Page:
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‘We come from the City’ (Από την Πόλη έρχομαι): Café Aman Istanbul

Stelyos is from Istanbul. After many years as a member of the Ecumenical Patriarchate choir, he moved to the island of Gökçeada (Imroz) in 2020. He teaches music in a Greek high School and trains the Greek children of the island to sing traditional Orthodox church music. 

Together with his wife , Stelyos established the Istanbul music band in . Café Aman sings the music of Istanbul in Greek and Turkish. The band is reviving the repertoires from Anatolia and Greece and the tradition of the café-aman taverns, where traditional songs were performed from 19th-century Century Ottoman times. He explains the concept of ‘Istanbul Music’: 

Istanbul music is not just Rebetiko. We have no such obsession. There are ladino songs in it, there are also songs in Armenian. There are also Kurdish songs, although few. In other words, after melting all this wealth in a shared pot, something called ‘Istanbul music’ emerged.


The group is popular in Greece and Turkey. Stelyos talked about a very successful concert that they did in a large concert hall in the centre of , the , in November 2019. Café Aman istanbul was invited to the Megaron and had to perform two nights in a row at the Hall because of the level of interest. Tickets sold out quickly. Stelyos said that at the time they were working on ‘Istanbul city music and heritage’ and decided to take this to Athens: We come from the City [Istanbul] (Από την Πόλη έρχομαι).

The Café Aman Istanbul knew that some Greeks from Turkey in Athens were fans them, but the huge interest in Athens was a surprise for them.  He explained why that was:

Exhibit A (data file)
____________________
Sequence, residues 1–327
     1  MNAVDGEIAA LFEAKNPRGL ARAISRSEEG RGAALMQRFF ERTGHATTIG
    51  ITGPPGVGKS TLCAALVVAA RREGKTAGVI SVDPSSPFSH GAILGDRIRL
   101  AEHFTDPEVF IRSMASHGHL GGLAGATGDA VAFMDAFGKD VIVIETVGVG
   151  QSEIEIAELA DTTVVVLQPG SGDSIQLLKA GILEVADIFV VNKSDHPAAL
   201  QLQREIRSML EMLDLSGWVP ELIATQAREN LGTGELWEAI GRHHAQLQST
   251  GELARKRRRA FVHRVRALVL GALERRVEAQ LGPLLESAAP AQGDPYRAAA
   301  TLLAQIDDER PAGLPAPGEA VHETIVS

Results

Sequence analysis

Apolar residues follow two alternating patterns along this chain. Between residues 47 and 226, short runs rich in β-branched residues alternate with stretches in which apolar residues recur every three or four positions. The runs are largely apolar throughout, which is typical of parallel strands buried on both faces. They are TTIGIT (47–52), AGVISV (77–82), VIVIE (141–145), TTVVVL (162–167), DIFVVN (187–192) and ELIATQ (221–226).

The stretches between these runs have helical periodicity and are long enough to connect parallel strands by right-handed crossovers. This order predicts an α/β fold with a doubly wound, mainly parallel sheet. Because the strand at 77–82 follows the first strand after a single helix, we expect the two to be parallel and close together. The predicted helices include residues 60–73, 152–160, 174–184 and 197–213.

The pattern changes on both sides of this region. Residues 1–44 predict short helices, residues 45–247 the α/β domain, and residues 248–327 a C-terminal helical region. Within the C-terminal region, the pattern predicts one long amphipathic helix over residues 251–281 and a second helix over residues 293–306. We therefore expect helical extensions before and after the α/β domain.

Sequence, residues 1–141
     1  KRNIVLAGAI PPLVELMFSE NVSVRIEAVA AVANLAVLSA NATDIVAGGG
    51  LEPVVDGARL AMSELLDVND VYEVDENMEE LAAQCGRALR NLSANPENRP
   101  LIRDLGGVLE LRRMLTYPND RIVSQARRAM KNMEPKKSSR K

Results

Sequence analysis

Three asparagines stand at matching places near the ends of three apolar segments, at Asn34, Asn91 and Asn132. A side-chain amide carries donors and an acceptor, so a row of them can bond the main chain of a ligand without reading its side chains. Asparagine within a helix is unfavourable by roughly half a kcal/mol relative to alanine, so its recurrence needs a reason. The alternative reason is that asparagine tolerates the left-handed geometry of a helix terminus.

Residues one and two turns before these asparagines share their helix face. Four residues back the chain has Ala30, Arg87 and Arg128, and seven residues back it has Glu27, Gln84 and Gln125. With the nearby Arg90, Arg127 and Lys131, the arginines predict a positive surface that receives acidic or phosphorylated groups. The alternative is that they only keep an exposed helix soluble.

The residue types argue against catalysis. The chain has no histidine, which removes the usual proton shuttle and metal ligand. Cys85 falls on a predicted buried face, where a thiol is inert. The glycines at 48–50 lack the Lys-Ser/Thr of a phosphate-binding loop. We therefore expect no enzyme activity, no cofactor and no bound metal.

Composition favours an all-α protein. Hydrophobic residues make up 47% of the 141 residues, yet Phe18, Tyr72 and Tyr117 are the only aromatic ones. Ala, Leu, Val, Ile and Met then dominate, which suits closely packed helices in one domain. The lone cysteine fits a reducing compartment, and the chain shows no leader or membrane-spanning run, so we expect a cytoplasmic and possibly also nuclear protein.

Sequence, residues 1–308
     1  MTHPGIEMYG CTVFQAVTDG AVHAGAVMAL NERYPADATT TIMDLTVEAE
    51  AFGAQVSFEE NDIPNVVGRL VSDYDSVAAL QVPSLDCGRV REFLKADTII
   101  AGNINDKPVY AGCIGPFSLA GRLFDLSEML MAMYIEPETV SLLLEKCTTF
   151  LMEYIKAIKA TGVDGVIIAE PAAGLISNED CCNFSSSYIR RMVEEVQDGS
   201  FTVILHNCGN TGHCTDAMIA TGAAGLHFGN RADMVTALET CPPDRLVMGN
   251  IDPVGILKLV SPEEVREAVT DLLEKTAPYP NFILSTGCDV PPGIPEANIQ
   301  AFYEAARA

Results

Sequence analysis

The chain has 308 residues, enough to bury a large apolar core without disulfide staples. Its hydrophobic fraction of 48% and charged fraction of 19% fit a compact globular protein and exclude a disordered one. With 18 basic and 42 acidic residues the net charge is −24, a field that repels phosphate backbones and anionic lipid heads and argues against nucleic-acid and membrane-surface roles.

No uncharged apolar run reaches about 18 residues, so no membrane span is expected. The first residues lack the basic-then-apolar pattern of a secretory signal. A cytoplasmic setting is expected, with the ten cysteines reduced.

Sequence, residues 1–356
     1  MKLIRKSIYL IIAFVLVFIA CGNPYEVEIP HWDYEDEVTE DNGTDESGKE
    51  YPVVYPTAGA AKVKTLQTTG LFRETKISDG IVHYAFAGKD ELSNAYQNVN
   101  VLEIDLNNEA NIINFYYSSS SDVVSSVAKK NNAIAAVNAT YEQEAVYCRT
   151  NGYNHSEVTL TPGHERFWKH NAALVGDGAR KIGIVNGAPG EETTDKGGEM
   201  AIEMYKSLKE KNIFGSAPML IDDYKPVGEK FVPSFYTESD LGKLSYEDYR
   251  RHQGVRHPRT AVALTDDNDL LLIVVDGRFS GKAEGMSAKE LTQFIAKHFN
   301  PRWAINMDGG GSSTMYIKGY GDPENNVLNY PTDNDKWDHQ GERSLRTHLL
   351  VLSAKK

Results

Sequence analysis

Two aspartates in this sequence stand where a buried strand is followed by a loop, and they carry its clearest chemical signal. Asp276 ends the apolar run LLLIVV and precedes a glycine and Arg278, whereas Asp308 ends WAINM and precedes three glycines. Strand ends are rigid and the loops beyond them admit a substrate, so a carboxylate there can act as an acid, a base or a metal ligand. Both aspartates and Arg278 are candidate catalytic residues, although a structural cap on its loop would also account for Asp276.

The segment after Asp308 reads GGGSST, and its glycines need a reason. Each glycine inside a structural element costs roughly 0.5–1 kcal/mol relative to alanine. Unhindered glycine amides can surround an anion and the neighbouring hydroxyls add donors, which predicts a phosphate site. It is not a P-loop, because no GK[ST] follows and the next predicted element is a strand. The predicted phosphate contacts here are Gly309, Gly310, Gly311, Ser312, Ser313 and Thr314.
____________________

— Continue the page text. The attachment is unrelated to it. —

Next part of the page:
I felt this there [in Athens]; I tell you this because I also lived there: inside every Greek,  there is love for and a sense of belonging to Anatolia, to Istanbul. This is a feeling that comes from history. This doesn’t mean that the Greeks will cross the borders and will seize these lands, I don’t mean this [laughs].  But this is an indication of their spiritual bond with Turkey, even if they have never been. Music is already the most important bridge that unites these communities. Maybe it is a tool that makes us forget everything but makes us equal in the moment. No doubt that this is a great power. That night we all became İstanbullu [from Istanbul].

Café Aman Istanbul concert in Megaron, Athens, 2019. 

Apart from traditional songs, they also perform traditional dance. 

Café Aman Istanbul also recreated the traditional carnival of in which the Greeks of Istanbul wore comic masks and costumes to celebrate their neighbours, as you see in the photograph. The carnival would take place three weeks before the Great Lent and was also called  (literally, ‘eating beans’) because according to the Orthodox tradition, they would not consume meat until Easter. Baklahorani would begin with a parade from Pera to the Saint Demetrius Church in Tatavla. It would end with festivity in the street there. The festival was stopped in 1941. For one year, in 2010, the carnival was revived by a group of Greeks and Turks.  

A picture of Baklahorani from 1930’s 

Here you can listen to a song by Café Aman Istanbul: Gülbahar

I thank Stelyos for his time and for giving me permission to use these photographs and songs.